Tarot Reflections: Three of Swords

Saturday, 1 July 2017

In a recent post, I wrote about the connection between the Tarot suit of Swords, the element of Air, and breath(ing), and talked about the suit's ability to help us reveal deep truths about our own thoughts. So let's try applying this to my randomly drawn 'Card of the  Day' - the Three of Swords.
In the end, only three things matter: how much you loved, how gently you lived, and how gracefully you let go of the things not meant for you.  - Buddhist saying
Three of Swords from The Linestrider Tarot by Siolo Thompson*, published by Llewellyn Books

The Three of Swords is generally considered to be the 'heartbreak' card. Other keywords include¹: painful separation; sorrow; grief; rejection. In the Rider-Waite Smith deck, it is illustrated by a heart pierced with three swords, against a stormy background. However, the Linestrider Tarot by Siolo Thompson, depicts the swords piercing a pair of birds. The background is comprised of white roses, and what looks like ethereal ribbons which, in places, could be smoke -  a reminder of the Air element. The dark watercolour background (murky grey and green) has the same effect as the clouds in the RWS depiction - pure gloom. Siolo's keywords² give further insight. They include: heartache; depression; disorder; confusion; past injury; darkness.

If you look closely you will see that the largest sword - behind them - does not appear to have pierced either of the birds. One sword (front-left) penetrates both creatures, and the other (front-right) pierces only one of them. The birds are facing away from one another and while both are bleeding, neither appears to be dead. The twice-pierced bird is squawking - it probably has a lot to say - while the other is silent, and has a steely gaze. It is as if the bird on the left has hurt them both, but the noisy bird on the right, rather than getting revenge with their own sword, has only hurt him/herself further.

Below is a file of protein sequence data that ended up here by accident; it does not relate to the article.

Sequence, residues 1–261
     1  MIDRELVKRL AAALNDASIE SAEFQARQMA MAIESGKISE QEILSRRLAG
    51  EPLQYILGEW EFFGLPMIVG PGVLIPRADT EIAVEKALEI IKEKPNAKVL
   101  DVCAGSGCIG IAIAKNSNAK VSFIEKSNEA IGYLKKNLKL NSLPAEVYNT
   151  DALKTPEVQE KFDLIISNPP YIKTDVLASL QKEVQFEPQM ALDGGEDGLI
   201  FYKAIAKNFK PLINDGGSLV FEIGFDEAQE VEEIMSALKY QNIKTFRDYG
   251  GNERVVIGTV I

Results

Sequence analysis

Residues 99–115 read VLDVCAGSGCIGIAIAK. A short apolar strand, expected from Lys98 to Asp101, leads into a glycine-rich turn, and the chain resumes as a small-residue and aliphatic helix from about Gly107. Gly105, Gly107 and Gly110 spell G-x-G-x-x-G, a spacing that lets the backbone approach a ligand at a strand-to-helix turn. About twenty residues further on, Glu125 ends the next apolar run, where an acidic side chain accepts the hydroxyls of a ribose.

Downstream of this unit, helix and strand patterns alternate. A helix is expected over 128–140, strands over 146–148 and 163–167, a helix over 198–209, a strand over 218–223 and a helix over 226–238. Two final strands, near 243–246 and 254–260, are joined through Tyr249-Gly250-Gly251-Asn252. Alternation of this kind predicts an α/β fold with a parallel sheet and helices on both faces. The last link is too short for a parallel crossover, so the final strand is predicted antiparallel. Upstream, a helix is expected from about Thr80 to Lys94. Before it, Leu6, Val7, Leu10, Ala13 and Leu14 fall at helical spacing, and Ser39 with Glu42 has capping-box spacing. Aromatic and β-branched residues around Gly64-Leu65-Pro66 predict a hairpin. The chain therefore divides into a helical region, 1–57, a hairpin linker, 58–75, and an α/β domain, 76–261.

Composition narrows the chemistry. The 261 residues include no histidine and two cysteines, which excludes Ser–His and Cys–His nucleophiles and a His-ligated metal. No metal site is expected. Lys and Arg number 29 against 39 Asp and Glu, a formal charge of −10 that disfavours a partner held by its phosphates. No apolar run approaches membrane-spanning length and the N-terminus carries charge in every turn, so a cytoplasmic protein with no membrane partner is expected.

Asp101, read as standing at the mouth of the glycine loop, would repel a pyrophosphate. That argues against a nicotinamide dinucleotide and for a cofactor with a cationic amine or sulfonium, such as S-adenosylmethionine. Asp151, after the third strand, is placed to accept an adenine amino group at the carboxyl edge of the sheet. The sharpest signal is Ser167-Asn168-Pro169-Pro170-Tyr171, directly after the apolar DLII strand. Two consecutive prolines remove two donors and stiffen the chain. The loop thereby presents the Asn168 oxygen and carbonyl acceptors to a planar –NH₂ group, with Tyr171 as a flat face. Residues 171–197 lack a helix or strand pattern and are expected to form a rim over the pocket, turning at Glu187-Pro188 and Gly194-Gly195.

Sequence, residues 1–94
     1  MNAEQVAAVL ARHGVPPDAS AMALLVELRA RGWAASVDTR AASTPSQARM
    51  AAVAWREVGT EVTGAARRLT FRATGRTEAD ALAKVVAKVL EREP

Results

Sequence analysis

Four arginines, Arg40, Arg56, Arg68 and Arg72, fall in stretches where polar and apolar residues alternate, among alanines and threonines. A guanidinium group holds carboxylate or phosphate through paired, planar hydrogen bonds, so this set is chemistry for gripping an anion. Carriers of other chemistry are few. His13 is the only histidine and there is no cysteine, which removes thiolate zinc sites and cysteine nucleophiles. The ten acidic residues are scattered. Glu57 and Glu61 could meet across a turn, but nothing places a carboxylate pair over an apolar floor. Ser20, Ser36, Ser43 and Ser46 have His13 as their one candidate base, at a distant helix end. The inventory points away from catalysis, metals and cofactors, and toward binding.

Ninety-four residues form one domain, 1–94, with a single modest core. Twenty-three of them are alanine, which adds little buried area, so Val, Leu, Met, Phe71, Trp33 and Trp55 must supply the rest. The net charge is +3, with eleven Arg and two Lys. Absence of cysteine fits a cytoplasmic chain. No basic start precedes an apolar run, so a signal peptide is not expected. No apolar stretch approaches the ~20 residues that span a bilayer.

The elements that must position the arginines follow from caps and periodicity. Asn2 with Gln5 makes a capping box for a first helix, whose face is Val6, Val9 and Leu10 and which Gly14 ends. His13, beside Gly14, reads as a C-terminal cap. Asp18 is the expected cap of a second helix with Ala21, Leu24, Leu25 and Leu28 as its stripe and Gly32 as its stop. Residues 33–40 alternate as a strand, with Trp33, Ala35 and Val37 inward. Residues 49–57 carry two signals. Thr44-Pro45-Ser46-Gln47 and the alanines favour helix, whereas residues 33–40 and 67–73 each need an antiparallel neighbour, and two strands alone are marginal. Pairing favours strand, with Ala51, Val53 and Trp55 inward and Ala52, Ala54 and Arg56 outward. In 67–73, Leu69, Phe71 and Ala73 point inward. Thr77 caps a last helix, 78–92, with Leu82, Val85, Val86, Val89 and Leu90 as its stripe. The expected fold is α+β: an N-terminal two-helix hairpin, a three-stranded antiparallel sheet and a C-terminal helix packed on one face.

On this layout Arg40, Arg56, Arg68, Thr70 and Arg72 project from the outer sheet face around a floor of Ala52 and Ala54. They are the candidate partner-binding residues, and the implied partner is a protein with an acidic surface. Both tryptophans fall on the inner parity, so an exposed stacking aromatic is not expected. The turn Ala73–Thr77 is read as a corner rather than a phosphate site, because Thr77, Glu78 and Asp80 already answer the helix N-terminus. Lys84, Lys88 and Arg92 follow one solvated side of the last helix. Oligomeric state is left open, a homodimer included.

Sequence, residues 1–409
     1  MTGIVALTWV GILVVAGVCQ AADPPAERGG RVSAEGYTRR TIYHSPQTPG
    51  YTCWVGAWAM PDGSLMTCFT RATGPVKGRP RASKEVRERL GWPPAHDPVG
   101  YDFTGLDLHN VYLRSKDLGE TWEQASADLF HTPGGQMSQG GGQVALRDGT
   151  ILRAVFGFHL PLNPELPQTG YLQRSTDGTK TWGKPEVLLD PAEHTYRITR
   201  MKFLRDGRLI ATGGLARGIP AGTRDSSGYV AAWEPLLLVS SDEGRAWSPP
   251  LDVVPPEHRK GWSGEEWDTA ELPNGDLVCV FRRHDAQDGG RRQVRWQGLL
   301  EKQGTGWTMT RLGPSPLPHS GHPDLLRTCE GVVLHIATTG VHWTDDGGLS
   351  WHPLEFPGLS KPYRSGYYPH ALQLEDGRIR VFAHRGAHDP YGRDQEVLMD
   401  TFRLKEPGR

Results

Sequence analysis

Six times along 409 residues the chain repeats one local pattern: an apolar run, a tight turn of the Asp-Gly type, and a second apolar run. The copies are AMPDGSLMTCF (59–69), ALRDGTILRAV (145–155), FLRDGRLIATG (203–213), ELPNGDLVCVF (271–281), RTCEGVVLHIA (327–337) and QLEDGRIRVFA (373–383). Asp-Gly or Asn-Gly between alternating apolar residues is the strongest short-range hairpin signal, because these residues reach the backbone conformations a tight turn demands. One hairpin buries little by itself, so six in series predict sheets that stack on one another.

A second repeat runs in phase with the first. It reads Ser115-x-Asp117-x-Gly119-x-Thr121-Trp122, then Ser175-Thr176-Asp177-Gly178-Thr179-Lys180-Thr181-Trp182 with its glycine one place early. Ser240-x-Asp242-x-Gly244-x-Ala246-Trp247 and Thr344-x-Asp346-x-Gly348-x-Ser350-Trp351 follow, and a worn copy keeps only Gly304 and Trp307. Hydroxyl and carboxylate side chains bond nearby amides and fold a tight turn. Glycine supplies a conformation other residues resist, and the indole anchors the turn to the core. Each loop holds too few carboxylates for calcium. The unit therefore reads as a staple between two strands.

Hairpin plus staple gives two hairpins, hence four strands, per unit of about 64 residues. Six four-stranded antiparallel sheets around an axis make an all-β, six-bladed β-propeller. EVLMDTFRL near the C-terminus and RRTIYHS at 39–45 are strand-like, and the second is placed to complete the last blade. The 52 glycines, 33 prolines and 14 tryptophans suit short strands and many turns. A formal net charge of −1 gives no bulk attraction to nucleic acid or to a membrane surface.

So what does this mean for anyone pulling this card?

The third card in any suit marks a 'first completion'³ - the first card is about new beginnings, the second is balance, choice or duality, and the third marks the transition between the two and four - the number of stability and foundation. Think of stools - a four-legged stool is very stable, but the three-legged variety will do the job well enough. So it is with the threes - there is adequate 'progress', things are in motion. There is a major clue as to what you're on the road to achieving if you consider the 'final completion' of this suit is the nine of swords - extreme mental anguish! 

So how can this help us to access our deepest truths? The Linestrider keywords (above) are a great starting point. If we remember that the swords represent our thoughts, we have to consider that our suffering (heartache / confusion / darkness / depression ) is actually self-inflicted. Now, before anyone starts getting defensive at the very thought, consider this...

Even if we were not responsible for the life situation that triggered the pain (for example, betrayal by a lover) we do have a choice when something happens (to us). We can either wallow in it (like the squawking twice-pierced bird) and let it define us, or we can see it as an opportunity to let this situation 'die'. Any Tarot reader knows that 'death' is a transition, a letting go of things that are no longer useful, a 'pruning', if you will.

So the three of swords, depicted with these bleeding birds (or an impaled heart) acts as a reminder that we can use grief and pain as an opportunity to transition to a new phase, and to evolve:
Suffering has a noble purpose: the evolution of consciousness and the burning up of the ego. - Eckhart Tolle, A New Earth p102
We are each responsible for our own healing. When this card appears, it's time to take three deep breaths⁴  and to move on.

*Amazon UK affiliate links are used throughout this post, the deck is also widely available from any Llewellyn Books stockist. 

¹ From The Ultimate Guide to Tarot Card Meanings by Brigit Esselmont.
² Found in 'The Linestrider's Journey', which accompanies the deck.
³ Sixes are the 'second completion' and nines the 'third completion', as tens are about excess.
⁴ See the Eckhart Tolle quote in the previous post which talks about observing the rhythm of your breath to create sufficient space to enable you to find the life beneath your life situation.  

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